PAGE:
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How did you choose your specialty fields? Passion first! Ewa Erdmann's story



Would you like to know more about specialization in the language and translation industry? Ewa Erdmann is going to share her story with you now. How did she choose her fields? Here's what she says:

Passion first
Just as doctors and lawyers choose areas they want to specialise in, translators should decide what field they want to pursue. Unquestionably, it is a very important decision, since it will determine their future work, marketing efforts and lifestyle.

The reasons behind their choice vary from translator to translator, but most frequently the determining factors are experience (being previously employed in a particular industry), passion / interests (depending on how strongly they feel about this area of specialisation) or academic background. 

In my case, it was initially passion that lead to pursuing academic education and experience in my chosen fields. My main specialisations are legal and marketing translations. I am fascinated with both of them, especially from linguistic point of view, and this is the main reason why I enjoy translating legal documents and marketing texts such as website content, company and product descriptions, press releases, etc.

Ironically, both of them are totally unrelated. Legal language is very rigid and technical, and most of the time there is only one correct Polish equivalent for every English legal term that you absolutely have to use, and you also need to strictly follow the format of the original document, i.e. you have to make sure that everything is in the right place. You should also try to retain the sentence structure, so when it sounds awkward in the source language it would probably sound weird in the target language too, and let’s face it, most of the time legal documents do sound awkward and unnatural. What I enjoy the most about legal translation is playing a detective who pursues exactly the right or the closest equivalent of a given term: comparing definitions, looking things up in legislation, making sure a particular term is used in this area of law and in this context. Part of the fun is the exploring and the other part is actually finding the right term, which is very rewarding. The same rule applies to medical translation, which I am starting to enjoy more and more.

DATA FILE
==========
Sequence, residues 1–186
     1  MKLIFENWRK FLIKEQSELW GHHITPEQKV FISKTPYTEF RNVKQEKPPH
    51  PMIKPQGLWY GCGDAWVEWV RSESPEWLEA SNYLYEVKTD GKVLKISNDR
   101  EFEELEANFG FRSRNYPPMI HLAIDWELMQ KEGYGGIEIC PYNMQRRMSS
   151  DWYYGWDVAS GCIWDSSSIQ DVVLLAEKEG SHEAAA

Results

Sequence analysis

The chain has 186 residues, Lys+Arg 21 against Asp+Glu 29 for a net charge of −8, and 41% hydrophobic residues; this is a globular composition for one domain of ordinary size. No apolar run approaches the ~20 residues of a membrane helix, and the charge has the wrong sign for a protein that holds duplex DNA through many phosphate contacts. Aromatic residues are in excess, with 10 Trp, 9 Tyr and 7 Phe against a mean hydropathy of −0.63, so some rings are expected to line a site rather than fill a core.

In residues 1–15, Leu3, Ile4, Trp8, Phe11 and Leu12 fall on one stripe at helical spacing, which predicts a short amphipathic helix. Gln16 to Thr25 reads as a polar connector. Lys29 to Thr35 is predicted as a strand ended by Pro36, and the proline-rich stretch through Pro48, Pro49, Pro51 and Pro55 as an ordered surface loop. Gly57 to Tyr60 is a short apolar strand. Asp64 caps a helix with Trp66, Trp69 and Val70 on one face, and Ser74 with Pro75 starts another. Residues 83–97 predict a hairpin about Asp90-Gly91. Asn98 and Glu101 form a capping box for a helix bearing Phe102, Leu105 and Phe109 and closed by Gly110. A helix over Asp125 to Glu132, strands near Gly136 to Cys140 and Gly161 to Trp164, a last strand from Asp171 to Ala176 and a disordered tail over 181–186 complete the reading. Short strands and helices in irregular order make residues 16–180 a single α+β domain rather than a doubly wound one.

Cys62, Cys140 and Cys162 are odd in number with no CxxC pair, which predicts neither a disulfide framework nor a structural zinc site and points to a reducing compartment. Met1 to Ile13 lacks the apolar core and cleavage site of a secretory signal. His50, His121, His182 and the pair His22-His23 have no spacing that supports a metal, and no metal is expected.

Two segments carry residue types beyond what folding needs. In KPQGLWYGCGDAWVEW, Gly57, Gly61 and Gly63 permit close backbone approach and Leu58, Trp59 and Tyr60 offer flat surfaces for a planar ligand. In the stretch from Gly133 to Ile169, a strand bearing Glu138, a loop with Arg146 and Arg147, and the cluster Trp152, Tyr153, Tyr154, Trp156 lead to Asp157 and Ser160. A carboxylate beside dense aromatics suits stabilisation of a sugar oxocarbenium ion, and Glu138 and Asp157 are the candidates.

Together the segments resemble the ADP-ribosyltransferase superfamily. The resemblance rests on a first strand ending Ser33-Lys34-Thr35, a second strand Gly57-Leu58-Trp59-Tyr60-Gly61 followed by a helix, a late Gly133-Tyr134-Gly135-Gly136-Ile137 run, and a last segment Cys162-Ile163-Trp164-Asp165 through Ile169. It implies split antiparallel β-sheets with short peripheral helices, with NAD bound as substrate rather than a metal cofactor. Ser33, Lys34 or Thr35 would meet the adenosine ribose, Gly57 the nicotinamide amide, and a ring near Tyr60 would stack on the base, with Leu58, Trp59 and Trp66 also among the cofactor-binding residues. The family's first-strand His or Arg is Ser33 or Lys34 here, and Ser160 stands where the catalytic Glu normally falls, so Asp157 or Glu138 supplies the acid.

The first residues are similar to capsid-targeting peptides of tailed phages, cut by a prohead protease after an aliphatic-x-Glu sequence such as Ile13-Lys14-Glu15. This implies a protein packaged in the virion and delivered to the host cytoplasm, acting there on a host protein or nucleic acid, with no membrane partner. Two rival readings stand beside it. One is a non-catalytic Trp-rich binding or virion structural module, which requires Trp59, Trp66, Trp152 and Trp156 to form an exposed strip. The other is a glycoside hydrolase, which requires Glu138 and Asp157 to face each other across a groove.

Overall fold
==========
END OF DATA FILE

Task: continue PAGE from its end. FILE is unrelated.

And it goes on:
When it comes to marketing translation though, it is a completely different story, and the rules are... ehm, what rules? When I think of marketing translation, the first thing that springs to my mind is creativity, and this is what I mostly rely on when translating marketing materials. Instead of concentrating on the meaning of every word, I work on conveying the whole message whilst trying to produce an appealing translation that reads naturally and is effective marketing-wise. The focus, therefore, is on the reader, i.e. potential customer – will they find a product or service attractive after reading my translation? Would this word make the product more tempting to them? Marketing translation allows me to play with the language, have fun with words, phrases, idioms and sentences giving me much more freedom than legal translation. 

Although completely diverse, legal and marketing specialisations give me some sort of balance between being very limited as to the choice of equivalents and almost free when translating. I find both of them very stimulating and rewarding – this is why I chose them, and this is why I am going to stick to them.

Dear Ewa, thank you so much for sharing your story!



Моя фотографияEwa Erdmann (@transliteria) is a qualified and experienced freelance English-Polish translator with both linguistics and legal background. She provides translation, interpreting, website localization, editing and proofreading services for individuals and businesses. You can learn more about Ewa if you visit her website transliteria. And I absolutely love Ewa's blog where she shares her experience with the readers.

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